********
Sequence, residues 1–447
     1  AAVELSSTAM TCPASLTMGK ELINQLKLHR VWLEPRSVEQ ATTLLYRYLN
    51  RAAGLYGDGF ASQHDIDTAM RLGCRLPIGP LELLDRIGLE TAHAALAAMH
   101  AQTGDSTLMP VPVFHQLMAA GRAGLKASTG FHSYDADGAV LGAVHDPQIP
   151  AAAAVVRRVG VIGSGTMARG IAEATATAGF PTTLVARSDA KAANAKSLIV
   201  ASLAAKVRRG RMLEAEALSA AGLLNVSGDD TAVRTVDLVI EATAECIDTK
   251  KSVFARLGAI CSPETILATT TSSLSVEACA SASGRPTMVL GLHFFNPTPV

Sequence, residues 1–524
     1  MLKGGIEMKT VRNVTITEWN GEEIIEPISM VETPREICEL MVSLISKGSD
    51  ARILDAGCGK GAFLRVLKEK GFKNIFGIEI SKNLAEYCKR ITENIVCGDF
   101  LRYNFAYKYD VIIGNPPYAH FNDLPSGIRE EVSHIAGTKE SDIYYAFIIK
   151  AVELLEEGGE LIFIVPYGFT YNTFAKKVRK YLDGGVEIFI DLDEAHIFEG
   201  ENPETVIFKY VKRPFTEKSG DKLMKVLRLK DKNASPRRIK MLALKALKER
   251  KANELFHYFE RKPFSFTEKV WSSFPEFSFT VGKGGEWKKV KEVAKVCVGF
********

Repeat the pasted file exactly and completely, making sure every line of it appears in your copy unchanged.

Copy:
Sequence, residues 1–447
     1  AAVELSSTAM TCPASLTMGK ELINQLKLHR VWLEPRSVEQ ATTLLYRYLN
    51  RAAGLYGDGF ASQHDIDTAM RLGCRLPIGP LELLDRIGLE TAHAALAAMH
   101  AQTGDSTLMP VPVFHQLMAA GRAGLKASTG FHSYDADGAV LGAVHDPQIP
   151  AAAAVVRRVG VIGSGTMARG IAEATATAGF PTTLVARSDA KAANAKSLIV
   201  ASLAAKVRRG RMLEAEALSA AGLLNVSGDD TAVRTVDLVI EATAECIDTK
   251  KSVFARLGAI CSPETILATT TSSLSVEACA SASGRPTMVL GLHFFNPTPV

Sequence, residues 1–524
     1  MLKGGIEMKT VRNVTITEWN GEEIIEPISM VETPREICEL MVSLISKGSD
    51  ARILDAGCGK GAFLRVLKEK GFKNIFGIEI SKNLAEYCKR ITENIVCGDF
   101  LRYNFAYKYD VIIGNPPYAH FNDLPSGIRE EVSHIAGTKE SDIYYAFIIK
   151  AVELLEEGGE LIFIVPYGFT YNTFAKKVRK YLDGGVEIFI DLDEAHIFEG
   201  ENPETVIFKY VKRPFTEKSG DKLMKVLRLK DKNASPRRIK MLALKALKER
   251  KANELFHYFE RKPFSFTEKV WSSFPEFSFT VGKGGEWKKV KEVAKVCVGF